Most of us are blessed with two precious gifts which are with us since the day we were born, but thatís far from universal. Most of us grow up with both a mother and father ó even if they donít live under the same roof Ďtil death do them part. And most of us who do donít appreciate what treasurers we have in them until they are no longer around.

Thatís when the regrets begin.

The approach of Fatherís Day this Sunday brings a flood of emotions in my family, and perhaps itís the same way in yours. Those feelings, however, generally run highest at a time when it is too late to do something with them.

Maybe thatís OK. Dads usually donít relish the spotlight. They donít want to be embarrassed with recognition of some lofty position to which they feel inadequate to possess. That could be tied to wishing they had taken more time to do things or to just hang around with their children. Too soon, it seems, the regrets go in the other direction.

Letís face it. The gifts dads are typically presented on Fatherís Day are hardly stellar in the view of the rest of the world. Indeed, the best gifts come from the heart anyway, and price tags are not important. Sometimes, the entire presentation takes on an appearance of duty rather than affection. Sometimes, dads are guilty of parenting in such a manner, too.

Fathers appreciate any gesture that tends to show their children acknowledge the fact that the old man is important in their lives, if not all the time relevant. When that stage in a young personís life arrives, some of the most important parenting has already been done ó or hasnít been done ó and then the offspring generally donít understand the circle of life business until they are grown and, perhaps, have children of their own.

Someone on a television talk show observed that fathers from older generations ó such as ďthe greatest generationĒ ó are somewhat less comfortable telling members are their families, and their children in particular, that they are loved. I canít speak to that generalization, but if it is accurate, my father was the World War II veteran who was the exception that proved the rule.

My father would plant a goodbye kiss on the lips of his children just as readily as he would our mother. And when he wasnít telling us he loved us, he was showing it ó again and again in countless ways that we didnít always quite understand or appreciate. But now, looking back, we regard them as part of the priceless legacy of happy memories he left us. And he did leave us, although certainly not voluntarily.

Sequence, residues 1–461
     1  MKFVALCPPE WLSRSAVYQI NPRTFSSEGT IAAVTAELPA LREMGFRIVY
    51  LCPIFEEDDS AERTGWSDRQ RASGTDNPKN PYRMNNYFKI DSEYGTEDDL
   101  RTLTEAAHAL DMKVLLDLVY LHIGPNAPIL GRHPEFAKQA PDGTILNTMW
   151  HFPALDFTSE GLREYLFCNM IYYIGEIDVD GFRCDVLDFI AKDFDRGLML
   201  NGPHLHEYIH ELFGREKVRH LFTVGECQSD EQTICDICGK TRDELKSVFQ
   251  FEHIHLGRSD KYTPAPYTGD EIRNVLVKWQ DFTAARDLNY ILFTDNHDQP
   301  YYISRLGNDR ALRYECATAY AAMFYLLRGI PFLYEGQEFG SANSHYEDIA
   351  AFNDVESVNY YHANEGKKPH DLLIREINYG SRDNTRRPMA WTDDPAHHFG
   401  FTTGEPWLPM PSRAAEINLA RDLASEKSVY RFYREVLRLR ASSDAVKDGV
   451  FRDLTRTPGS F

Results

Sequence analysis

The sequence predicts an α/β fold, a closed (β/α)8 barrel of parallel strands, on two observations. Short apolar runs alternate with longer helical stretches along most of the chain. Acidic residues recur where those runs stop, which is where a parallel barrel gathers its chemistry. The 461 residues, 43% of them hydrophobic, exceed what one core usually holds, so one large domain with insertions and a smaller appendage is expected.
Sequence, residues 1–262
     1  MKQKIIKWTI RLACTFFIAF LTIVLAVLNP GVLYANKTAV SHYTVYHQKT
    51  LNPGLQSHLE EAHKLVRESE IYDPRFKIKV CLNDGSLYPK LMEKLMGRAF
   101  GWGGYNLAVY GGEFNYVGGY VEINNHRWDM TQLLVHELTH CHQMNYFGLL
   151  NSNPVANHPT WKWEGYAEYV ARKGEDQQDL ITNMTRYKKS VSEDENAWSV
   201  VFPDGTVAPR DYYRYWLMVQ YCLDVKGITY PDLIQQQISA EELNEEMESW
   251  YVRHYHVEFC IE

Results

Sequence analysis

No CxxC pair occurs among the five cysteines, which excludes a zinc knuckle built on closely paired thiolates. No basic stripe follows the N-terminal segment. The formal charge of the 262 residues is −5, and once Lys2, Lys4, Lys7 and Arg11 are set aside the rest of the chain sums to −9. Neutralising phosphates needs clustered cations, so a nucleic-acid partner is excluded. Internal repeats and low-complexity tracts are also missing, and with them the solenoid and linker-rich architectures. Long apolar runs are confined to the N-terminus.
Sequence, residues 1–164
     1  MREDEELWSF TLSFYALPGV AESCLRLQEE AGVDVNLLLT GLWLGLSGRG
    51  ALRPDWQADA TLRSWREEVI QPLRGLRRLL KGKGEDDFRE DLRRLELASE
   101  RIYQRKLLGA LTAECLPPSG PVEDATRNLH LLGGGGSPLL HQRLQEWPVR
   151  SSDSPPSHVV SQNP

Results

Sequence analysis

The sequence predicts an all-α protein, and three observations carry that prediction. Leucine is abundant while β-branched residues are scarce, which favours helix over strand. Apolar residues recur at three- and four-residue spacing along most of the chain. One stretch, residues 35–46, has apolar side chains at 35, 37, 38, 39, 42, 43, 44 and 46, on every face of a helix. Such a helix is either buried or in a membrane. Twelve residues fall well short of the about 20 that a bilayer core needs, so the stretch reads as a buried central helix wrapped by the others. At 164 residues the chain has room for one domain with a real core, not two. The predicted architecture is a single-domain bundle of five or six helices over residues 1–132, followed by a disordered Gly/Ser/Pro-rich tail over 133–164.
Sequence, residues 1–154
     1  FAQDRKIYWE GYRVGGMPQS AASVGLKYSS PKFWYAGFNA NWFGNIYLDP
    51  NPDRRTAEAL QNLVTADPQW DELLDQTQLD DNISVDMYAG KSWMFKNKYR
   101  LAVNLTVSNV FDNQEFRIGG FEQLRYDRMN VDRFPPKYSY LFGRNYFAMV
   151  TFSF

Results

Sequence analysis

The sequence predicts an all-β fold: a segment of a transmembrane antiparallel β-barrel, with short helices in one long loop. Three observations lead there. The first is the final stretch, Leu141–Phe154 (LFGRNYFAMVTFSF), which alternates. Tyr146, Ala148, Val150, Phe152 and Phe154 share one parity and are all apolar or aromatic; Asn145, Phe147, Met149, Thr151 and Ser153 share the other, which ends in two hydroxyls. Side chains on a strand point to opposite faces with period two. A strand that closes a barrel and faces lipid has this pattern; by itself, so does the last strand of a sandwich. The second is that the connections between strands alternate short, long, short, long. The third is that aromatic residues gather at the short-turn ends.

Fatherís Day is supposed to be special, but circumstances regarding his departure conspired to make it unforgettable.

On a hot day in June 1985, my mother and I found ourselves rushing Dad to the emergency room as he suffered a heart attack. He had pulled through one of these 10 years earlier, almost to the day, and he had been complaining of pain recently and how his heart medicine was making him feel worse. He had a doctorís appointment for the next day when a new prescription was anticipated.

An exhausting three days followed, with cycles of hope and gloom which proved to us just how precarious his condition had become.

Attempts to sleep were pointless, but visiting hours were very limited in the cardiac care unit. On a Sunday morning, Mother was asked if she wanted to bring in life-support equipment if it came down to that. No, she said, he wouldnít want that to happen.

But wait! An experimental drug had perked him up. Had he turned the corner? We went home after the midday visiting period to try to get some rest. In less than a hour, though, the hospital called. Mother had a sixth-sense about the telephoneís ring, long before caller ID was an option.

Dadís kidneys failed first, and then his heart quit soon after. But moment before his final deep breath, with his wife and two children at his side, he stirred from the unconscious state he had been in for 24 hours, and despite all those tubes running into his body, he whispered with a touch of authority, ďI love you, I love you all.Ē

He had always been busy showing us how best to live; now, he had gone and showed us how best to die.

Somewhere, my sister and I had some Fatherís Day cards and gifts we were planning to give him that Sunday, and I donít know what became of them. They werenít all that much, after all, especially considering it was his last Fatherís Day to be with us. But as usual, it didnít matter. Thatís because as usual, Dad gave us much more on Fatherís Day than we could ever return.

Gene Deason is editor of the Brownwood Bulletin. His column appears on Friday. He may be reached by e-mail at This is an adaptation of a ďtgifĒ column that originally was published in the Bulletin in June 1998.